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Dubai ruler calls for new real estate strategy, as house prices continue to tumble

Dubai's economy is hugely reliant on real estate [Getty]

Date of publication: 3 September, 2019

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House prices in Dubai have sunk to the lowest levels since 2008, according to report.
Dubai's ruler Sheikh Mohammed bin Rashid al-Maktoum has issued a statement calling for a new real estate strategy, as house prices in the emirate tumble to their lowest levels in over a decade, according to one report.

Sheikh Mohammed called on construction companies to "adjust their pace" with real estate projects in Dubai and add more value to the national economy via his Twitter page.

Entitled "The Letter of the New Season", the statement outlines six objectives for Dubai's real estate sector - a key part of the emirate's economy.

Among them is orders for construction to "adjust" its pace and establish better-thought our real estate projects.

"Economic figures are in progress, our competitiveness is improving and our foreign trade is increasing. However, we are not moving according to the average economic rates," Sheikh Mohammed wrote over the weekend.

"We are a country seeking to make economic leaps that save. In the coming period, we need to do quality projects and exceptional ideas to advance our economy forward."

He also said real estate projects should not be a "burden" and "a source of imbalance" for the country, according to Construction Weekly.

Sheikh Mohammed, who also serves as UAE prime minister, followed up with a tweet on Monday establishing a Higher Real Estate Planning Committee to look into the issue, which will include government officials and leading private and semi-private sector figures.

"We instructed Sheikh Maktoum to ensure that semi-government real estate companies do not compete with private investors and to develop a comprehensive strategic plan and vision for all major real estate projects in the emirate for the next ten years," the tweet from Sheikh Mohammed's account read.

The committee will work towards ensuring that real estate projects are not duplicated and to minimise competition between small and large developers, according to Gulf News.

Sheikh Mohammed also warned people against "stirring chaos" on social media.

Although it was not clear whether this was an order slow down or speed up the pace of construction, it comes amid a report of tumbling house prices in Dubai.

UAE-based property consultancy Cavendish Maxwell issued a report saying that prices have dropped 15.3 percent year-on-year as of June this year, Asia Times reported on Tuesday.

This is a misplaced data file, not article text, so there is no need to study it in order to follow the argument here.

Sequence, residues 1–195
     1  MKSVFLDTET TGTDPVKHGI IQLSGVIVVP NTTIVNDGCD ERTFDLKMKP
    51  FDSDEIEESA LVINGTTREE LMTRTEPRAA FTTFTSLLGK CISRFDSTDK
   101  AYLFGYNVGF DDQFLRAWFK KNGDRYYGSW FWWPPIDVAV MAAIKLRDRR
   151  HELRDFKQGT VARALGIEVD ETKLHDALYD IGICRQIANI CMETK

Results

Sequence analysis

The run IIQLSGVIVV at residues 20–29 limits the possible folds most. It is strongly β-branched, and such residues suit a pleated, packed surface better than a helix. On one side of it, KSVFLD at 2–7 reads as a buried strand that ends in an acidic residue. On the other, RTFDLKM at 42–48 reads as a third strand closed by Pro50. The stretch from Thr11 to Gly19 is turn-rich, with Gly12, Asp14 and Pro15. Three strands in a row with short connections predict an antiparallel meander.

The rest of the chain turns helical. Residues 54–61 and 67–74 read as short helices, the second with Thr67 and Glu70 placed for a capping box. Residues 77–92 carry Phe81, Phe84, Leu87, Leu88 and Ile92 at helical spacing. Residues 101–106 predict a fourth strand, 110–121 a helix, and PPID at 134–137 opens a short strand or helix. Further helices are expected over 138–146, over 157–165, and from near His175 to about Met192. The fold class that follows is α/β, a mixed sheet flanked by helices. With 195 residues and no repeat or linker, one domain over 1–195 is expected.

"As of June 2019, apartment and villa/townhouse prices have declined by 21.4 percent and 22.4 percent respectively, compared to their prices of AED 2.1 million ($570,000) and AED 5.6 million ($1.51 million) in September 2015," Cavendish Maxwell said.

The price of a villa in Dubai has also sunk from AED 2.93 million ($800,000) in 2014 to AED 1.68 ($460,000) in July 2019.

Low oil prices and other factors have contributed to slowing of the economies of the UAE and other Gulf states, which have been reliant on outside investment.

The report stated that house prices were now at their lowest in over a decade, when in 2010 the emirate was hit by an economic crisis caused by a crash in the real estate sector.

Dubai was given a boost with higher oil prices and in 2013 were given the hosting rights for Expo 2020, reinvigorating real estate in the city but the boom was short lived.

Unlike much of the Gulf, Dubai has little natural resources and its economy is reliant on tourism, real estate, banking and services.

Another worrying sign for the emirate were reports that construction on the planned Al-Maktoum Airport - which was touted as a regional air hub and base for Dubai's carrier Emirates - has been put on hold.

Completion of phase 1 of the airport had already been pushed back five years to 2030.

Dubai Airports responded to the Bloomberg report saying that planned expansion was of the airport was being reviewed.

"Dubai Airports is currently reviewing its long-term master plan," a statement issued to Bloomberg from Dubai Airports said.

"The exact timelines and details of next steps are not as yet finalised."

On Monday, Sheikh Mohammed also issued a warning against anyone "stirring" trouble on social media.

"Messing around and stirring up chaos on social media waste achievements for which thousands of teams worked so hard to realise. The reputation of the UAE is a red line and not to be used by anyone who wants to get more followers," he tweeted.

"We will not allow a group of Twitter users to mess with Zayed's legacy of credibility, love and respect for people. The good image of the UAE and the Emirati must remain as bright as Zayed wanted and built."

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